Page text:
Defending Your Rights and Responsibilities

Legalby Ariana Smith23 January 2019


There are times when people get upset if there is a contradiction or discrepancy between how they are treated and what they believe their rights and responsibilities to be. This can be a complicated relationship, but since every person can potentially view their interactions with the outside world in different ways, it’s essential for each person to meditate on what they feel the appropriate connection should be.

Think of some abstract and concrete ways that you can illustrate the defense of your rights and responsibilities. In many cases, you may need to use legal representation to get your point across, especially in a criminal situation. A lot of people are very confused about what their constitutional rights are, and that leads to all sorts of frustration and tension in different situations. And, as an employer, you will have specific responsibilities to those people who are working for you. Those are just three small examples of times when you need to look very precisely at what your rights and responsibilities are.

Legal Representation:

In the most literal sense, you may have to defend your rights in a court setting. That means you have to hire legal representation to give yourself the strongest voice that you can in a legal context. It may be a criminal case, or it may be a civil case. But no matter what the situation is, you may not know the ins and outs of the legal system as it surrounds your particular circumstance. That’s why it’s so important to hire the people that have your best interest in mind.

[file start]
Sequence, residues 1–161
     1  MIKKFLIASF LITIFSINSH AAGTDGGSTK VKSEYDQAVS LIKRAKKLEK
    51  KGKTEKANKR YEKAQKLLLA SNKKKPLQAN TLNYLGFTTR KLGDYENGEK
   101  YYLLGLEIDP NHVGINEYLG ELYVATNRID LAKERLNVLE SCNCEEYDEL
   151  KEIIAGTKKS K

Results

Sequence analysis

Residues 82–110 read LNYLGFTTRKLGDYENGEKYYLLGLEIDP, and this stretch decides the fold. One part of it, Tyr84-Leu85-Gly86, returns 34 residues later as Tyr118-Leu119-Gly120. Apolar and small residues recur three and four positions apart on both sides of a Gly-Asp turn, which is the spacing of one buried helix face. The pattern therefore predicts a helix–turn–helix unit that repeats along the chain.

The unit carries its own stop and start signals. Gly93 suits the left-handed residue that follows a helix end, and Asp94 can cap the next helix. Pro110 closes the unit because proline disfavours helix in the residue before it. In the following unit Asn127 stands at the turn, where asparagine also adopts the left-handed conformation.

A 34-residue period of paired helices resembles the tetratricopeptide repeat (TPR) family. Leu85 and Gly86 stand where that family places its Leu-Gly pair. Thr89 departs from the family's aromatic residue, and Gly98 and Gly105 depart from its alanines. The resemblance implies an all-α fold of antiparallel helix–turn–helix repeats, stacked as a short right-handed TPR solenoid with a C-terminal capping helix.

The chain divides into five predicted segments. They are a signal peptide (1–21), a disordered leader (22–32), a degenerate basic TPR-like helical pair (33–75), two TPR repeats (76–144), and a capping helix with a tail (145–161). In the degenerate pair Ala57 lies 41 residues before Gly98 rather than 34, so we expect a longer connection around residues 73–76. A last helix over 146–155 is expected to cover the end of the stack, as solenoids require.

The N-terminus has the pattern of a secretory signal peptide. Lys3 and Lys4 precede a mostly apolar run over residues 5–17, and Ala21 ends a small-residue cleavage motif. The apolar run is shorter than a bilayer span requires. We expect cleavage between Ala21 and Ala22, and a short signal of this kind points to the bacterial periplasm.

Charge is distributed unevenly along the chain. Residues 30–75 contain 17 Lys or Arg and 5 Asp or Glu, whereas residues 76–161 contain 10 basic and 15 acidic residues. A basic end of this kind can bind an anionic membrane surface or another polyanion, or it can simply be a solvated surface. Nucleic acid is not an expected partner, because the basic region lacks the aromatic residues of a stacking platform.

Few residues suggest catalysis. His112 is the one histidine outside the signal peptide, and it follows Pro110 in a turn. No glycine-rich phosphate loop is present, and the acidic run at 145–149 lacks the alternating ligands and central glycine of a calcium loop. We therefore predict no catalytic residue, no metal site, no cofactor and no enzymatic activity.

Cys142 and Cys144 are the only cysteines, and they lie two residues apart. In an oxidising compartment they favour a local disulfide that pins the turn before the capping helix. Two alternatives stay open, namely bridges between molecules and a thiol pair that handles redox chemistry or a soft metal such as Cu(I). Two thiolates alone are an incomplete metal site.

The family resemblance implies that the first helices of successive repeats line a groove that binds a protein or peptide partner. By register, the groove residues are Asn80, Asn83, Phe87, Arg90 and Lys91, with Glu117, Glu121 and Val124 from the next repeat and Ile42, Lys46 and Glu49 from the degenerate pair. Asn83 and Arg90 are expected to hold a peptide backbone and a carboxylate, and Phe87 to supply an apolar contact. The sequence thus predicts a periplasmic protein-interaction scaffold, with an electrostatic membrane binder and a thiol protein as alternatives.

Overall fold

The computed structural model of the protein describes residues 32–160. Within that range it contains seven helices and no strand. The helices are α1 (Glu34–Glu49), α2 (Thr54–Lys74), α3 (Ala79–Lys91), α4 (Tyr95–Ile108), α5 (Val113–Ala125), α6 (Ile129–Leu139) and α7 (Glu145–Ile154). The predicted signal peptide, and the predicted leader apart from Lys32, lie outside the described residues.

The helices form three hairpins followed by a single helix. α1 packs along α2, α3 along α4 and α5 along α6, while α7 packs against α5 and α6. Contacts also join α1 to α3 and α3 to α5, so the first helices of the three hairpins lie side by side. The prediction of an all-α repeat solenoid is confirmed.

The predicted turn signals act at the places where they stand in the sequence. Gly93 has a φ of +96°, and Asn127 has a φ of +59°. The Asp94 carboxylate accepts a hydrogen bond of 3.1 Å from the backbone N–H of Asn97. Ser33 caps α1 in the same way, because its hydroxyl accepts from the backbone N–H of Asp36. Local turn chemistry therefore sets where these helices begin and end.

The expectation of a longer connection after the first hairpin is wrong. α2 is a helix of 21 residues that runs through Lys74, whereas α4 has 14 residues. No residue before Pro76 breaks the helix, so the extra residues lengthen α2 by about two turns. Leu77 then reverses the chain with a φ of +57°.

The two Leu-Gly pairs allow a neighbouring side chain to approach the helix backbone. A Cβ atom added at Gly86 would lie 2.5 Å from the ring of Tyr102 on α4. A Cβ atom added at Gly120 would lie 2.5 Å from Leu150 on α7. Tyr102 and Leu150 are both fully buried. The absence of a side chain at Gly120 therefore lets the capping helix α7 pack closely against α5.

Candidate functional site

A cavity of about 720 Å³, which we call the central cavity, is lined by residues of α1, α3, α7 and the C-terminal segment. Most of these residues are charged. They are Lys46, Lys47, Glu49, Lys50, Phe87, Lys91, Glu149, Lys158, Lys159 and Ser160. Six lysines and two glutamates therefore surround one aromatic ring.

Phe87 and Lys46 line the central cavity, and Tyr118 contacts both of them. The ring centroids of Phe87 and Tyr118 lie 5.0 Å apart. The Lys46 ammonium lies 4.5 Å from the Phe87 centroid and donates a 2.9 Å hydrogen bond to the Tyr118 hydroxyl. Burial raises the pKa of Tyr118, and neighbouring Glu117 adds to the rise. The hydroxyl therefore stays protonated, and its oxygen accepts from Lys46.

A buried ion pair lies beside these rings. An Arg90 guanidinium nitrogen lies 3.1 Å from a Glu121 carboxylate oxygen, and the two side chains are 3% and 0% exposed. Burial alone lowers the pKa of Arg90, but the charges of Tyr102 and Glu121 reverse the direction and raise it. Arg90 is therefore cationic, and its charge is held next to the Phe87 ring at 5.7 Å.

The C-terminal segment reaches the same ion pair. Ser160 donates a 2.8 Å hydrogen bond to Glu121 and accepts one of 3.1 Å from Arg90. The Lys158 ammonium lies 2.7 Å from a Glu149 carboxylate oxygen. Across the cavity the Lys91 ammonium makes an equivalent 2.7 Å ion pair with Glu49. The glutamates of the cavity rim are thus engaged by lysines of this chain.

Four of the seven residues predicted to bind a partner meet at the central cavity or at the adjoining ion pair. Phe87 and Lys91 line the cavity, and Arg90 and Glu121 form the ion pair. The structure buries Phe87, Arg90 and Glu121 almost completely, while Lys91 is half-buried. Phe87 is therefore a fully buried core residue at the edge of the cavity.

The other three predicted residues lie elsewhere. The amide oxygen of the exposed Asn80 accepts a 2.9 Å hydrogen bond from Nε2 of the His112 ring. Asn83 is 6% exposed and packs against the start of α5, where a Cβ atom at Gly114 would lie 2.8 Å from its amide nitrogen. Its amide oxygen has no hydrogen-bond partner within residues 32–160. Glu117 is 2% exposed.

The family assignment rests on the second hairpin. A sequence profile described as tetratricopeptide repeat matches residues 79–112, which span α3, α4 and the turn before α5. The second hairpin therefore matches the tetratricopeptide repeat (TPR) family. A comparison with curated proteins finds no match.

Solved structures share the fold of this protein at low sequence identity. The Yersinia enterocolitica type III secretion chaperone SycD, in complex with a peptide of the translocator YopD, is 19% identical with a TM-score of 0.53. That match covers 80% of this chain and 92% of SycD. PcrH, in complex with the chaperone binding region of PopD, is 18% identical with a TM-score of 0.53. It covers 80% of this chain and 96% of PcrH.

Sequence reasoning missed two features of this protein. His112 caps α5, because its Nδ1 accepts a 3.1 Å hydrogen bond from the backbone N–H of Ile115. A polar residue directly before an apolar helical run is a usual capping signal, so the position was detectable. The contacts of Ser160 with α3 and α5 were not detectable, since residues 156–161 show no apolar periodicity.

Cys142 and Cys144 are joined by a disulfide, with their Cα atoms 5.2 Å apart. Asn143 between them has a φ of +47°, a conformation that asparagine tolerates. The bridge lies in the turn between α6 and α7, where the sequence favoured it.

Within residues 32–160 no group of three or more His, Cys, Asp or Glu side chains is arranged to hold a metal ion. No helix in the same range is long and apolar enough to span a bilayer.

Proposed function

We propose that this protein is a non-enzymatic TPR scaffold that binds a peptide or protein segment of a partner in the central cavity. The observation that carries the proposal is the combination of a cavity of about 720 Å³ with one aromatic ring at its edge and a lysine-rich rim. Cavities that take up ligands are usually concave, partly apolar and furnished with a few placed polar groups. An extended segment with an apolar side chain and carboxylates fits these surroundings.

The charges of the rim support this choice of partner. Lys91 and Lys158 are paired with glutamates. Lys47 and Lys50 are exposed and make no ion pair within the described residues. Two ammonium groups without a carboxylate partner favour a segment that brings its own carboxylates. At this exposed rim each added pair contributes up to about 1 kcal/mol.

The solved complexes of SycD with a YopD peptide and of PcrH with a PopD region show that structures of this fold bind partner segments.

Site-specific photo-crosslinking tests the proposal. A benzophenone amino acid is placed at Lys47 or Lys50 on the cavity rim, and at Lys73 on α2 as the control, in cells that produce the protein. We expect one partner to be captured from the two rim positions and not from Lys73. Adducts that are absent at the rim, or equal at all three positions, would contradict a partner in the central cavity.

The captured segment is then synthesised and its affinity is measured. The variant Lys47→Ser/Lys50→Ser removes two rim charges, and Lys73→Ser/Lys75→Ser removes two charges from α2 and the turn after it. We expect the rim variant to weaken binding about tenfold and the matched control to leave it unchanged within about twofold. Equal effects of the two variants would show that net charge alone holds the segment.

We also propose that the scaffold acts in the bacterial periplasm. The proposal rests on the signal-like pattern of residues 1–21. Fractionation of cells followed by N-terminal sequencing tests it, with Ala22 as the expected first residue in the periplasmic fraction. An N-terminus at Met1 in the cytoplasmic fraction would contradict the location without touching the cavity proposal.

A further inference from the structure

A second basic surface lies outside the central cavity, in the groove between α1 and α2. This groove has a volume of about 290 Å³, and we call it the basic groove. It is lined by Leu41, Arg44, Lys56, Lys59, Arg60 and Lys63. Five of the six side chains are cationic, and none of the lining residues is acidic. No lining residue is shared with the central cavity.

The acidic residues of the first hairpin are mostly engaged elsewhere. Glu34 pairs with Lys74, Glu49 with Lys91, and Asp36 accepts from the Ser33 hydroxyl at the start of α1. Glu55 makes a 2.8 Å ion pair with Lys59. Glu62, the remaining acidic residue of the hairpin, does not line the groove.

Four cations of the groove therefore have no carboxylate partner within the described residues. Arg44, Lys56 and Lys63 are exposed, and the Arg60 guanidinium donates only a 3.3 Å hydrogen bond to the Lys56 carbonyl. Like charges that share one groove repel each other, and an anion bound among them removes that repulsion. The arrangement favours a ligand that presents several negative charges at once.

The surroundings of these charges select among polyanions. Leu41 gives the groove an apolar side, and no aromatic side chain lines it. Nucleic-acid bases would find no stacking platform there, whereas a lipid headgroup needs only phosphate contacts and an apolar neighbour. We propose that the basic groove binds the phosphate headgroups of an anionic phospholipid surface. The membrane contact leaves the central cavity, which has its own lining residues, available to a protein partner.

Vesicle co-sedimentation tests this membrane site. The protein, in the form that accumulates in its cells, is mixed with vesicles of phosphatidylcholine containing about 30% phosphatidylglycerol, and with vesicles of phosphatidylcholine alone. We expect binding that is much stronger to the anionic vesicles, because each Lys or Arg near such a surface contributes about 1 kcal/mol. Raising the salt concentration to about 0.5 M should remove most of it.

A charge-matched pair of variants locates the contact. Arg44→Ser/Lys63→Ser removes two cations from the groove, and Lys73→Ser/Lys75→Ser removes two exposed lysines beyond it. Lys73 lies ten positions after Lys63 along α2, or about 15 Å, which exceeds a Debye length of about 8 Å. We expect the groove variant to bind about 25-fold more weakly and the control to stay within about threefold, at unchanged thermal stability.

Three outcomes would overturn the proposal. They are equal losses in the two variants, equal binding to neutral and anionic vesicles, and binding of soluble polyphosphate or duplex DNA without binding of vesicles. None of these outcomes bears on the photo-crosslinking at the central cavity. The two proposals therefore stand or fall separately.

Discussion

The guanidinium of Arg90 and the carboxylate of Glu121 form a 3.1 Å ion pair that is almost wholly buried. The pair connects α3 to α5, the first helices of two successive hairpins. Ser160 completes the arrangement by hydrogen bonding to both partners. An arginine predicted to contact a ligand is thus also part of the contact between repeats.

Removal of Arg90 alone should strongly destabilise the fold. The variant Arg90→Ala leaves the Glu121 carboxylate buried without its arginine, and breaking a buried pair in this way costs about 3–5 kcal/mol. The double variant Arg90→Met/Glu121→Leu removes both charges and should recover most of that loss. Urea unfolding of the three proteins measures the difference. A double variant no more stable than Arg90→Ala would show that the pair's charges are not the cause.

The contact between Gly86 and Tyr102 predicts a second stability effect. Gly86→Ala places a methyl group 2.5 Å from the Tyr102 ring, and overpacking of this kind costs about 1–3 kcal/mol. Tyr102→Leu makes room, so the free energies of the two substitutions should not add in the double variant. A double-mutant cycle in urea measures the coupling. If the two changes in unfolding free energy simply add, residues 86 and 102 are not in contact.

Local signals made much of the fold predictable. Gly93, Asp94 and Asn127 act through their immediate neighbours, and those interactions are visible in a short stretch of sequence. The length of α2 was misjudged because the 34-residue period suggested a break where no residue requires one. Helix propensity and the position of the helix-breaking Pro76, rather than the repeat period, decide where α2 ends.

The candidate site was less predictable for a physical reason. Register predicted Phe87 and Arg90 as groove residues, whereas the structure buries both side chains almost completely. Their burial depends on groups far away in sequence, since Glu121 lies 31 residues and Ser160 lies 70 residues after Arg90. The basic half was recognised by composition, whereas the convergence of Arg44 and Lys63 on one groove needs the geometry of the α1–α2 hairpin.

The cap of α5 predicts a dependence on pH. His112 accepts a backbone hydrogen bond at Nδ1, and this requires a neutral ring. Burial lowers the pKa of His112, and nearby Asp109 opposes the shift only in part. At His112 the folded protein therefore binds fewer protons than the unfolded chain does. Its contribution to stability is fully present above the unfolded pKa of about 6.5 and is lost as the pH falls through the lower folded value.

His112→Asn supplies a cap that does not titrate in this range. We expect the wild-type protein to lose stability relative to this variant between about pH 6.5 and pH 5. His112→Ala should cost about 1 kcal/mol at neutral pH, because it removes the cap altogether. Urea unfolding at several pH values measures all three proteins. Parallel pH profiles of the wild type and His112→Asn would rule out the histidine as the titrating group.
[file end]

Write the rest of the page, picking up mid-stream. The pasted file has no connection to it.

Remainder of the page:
Constitutional Rights:

When is the last time you studied what your constitutional rights are? So many people think that they are experts, but they have never actually looked into the original language or its interpretations, especially relating to basic civics. If you want to get in an argument with someone about your or their constitutional rights, make sure that you know what you’re talking about ahead of time. Stating false examples to illustrate your point of view is only going to make the person arguing against you dig in further.

Responsibilities as an Employer:

A final thing that you might consider when it comes to defending your rights and responsibilities might be what your responsibilities are as an employer. For example, you are responsible for the safety of your workers and in some instances your clients. To this end, make sure that you follow OSHA guidelines or other federal regulations as associated with this topic. You cannot abdicate your responsibility as an employer any more than you can infringe on the rights of your employees to have a safe and secure workplace within a reasonable framework and structure. Employers who lose the sense of responsibility are the ones who end up losing their businesses or sometimes even going to jail.

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Ariana Smith

Ariana Smith is a freelancer content writer and enthusiastic blogger. She is a regular contributor at The Daily Notes.

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